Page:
You Ask.  We Investigate.® Secret on Your Receipt

You Ask.  We Investigate.® Secret on Your Receipt

Martín Di Felice

With the new year the sales tax in California actually went down, but you may still be paying it.

A Rancho Mirage woman wrote KMIR recently saying, "As of today, only 99% of the businesses I have frequented in the Coachella Valley since January first are adhering to this lowered sales tax."

Proposition 30, a tax for schools and public safety, expired December 31st.
So California’s state sales tax actually went down a quarter percent on January 1st.

"Amazing, I expect everything in California to go up," remarked John Mann, visiting from Cheney, Washington.

After hearing that some businesses are still charging the old tax, we went looking for receipts.

Vivian Smith and Cindy Maw from Alberta, Canada checked theirs, and sure enough they were charged the old 9%, not 8.75% in Palm Springs.

"Felt ripped off a little, but it was only a couple cents so, not a big deal, but I was thinking of making a larger purchase and that would have affected quite a bit more," said Smith.

"Yeah a little surprised, but it wasn’t a huge amount so, it’s not going to break the bank," said Maw.

We checked a few more, and most people we talked to in downtown Palm Springs paid the correct amount.

"We are working with small businesses to correct any issues on that, we have heard some issues, and we are working with them to correct those issues," said Jesse Ramirez with the Board of Equalization, or BOE.

It’s like the IRS of California collecting taxes which are disbursed to the state, counties, and cities.

"The Board of Equalization puts out a special notice to all our permit holders when there’s a change in tax," said Ramirez.

Bobbi Corbin owns a Knead Baking Company in Ojai, and got an email from the BOE.

"You had to open it up and then track down and find your city, and see what it was and compare it to what it was before," said Corbin.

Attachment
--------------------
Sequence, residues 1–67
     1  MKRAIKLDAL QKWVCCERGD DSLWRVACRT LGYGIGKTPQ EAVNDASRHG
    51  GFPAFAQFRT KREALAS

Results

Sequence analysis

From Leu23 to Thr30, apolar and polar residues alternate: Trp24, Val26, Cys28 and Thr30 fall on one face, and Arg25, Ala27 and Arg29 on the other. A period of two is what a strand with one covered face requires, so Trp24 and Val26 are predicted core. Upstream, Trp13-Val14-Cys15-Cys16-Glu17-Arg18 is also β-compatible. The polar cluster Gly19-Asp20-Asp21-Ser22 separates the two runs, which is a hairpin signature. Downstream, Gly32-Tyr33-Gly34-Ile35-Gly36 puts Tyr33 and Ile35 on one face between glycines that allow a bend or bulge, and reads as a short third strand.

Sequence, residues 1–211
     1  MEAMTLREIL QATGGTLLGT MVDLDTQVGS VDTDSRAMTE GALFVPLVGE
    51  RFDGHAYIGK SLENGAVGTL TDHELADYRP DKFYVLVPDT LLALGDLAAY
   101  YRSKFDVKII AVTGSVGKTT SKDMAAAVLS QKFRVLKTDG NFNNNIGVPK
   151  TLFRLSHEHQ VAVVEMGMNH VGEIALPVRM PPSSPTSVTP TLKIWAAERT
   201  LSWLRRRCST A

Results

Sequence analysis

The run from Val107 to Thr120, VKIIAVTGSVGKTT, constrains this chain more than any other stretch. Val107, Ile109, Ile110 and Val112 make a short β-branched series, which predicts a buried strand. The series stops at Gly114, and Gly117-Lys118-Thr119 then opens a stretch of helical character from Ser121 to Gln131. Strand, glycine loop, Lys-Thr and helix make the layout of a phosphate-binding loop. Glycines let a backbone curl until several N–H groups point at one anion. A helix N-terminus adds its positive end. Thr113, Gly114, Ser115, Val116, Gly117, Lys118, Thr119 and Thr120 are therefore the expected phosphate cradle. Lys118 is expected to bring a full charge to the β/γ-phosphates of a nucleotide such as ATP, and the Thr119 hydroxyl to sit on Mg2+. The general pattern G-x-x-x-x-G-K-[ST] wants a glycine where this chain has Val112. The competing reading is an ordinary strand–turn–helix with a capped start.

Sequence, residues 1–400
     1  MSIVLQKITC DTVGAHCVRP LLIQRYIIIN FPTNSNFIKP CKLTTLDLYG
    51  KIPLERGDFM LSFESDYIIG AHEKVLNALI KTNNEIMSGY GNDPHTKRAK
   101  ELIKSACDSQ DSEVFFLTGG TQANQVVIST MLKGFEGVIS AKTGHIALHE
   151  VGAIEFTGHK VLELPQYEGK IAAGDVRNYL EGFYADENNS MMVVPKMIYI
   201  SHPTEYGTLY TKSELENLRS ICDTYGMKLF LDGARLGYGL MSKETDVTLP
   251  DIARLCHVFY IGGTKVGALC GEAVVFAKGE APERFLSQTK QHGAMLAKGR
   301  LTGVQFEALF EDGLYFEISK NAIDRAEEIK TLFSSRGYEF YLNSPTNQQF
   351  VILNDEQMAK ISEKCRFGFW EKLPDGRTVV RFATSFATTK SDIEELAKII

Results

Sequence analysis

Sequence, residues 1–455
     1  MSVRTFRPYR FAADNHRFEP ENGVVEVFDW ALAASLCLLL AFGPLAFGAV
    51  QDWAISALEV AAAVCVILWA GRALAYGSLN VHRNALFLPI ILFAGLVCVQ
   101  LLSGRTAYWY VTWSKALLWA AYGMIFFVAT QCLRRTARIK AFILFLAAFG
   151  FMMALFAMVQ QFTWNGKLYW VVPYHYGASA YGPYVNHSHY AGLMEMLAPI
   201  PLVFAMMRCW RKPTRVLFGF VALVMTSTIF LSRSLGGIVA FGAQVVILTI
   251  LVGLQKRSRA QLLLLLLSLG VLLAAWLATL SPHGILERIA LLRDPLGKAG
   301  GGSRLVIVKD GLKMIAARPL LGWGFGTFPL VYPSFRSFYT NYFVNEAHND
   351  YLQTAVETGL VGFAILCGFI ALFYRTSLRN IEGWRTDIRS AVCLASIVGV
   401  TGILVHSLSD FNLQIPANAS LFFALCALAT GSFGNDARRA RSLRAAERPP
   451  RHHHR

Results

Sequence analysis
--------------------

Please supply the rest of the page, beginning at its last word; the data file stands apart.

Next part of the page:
If a business collects more tax than is due and doesn’t refund there could be penalties.  
The state suggests if you are overcharged you return to the store with a receipt.

"Go back to the location of the small business, show them the receipt, tell them there was an additional extra charge, and you’d like that money back," said Ramirez.

KMIR’s Angela Monroe also found a tax discrepancy on a receipt from a McDonald’s in Palm Desert. Instead of a 31 cent tax it was a 32 tax, a difference in a penny, but still the old rate.

So we sat down with the McDonald’s Director of Operations for Coachella Valley stores, David Cardin, and crunched the numbers.

Cardin said, "Yeah, I’ve got the same rate you do, I’d be happy to go back to the restaurant, look at that, I can pull up the individual transactions."

So as you can see it’s pretty confusing, and maybe that’s why its happening.
Cardin says he found another tax discrepancy on a deal..this one benefitting customers.
"Every time we’re selling that combination of items we’re having to cover that almost extra two cents per transaction, so it seems there is something that needs to be researched."

Cardin says he’ll be looking into it, and in the meantime he says taxes go to the state.
"Everything that’s collected gets reported and goes to the state of California, so there’s nothing that a business in any case keeps on their own."

You may want to check the tax to make sure there isn’t a secret on your receipt.
"If a consumer doesn’t get their money back, I would suggest calling into the local BOE office."
"I don’t think about it as much, I guess I just assume that things are being done correctly," said 
Amy and Chris Divin, visiting from Houston, Texas.

Voters approved a sales tax hike of one percent in Indio and La Quinta.
It goes into effect in April at 8.75%. 

Bottom line: if every penny counts, count them all.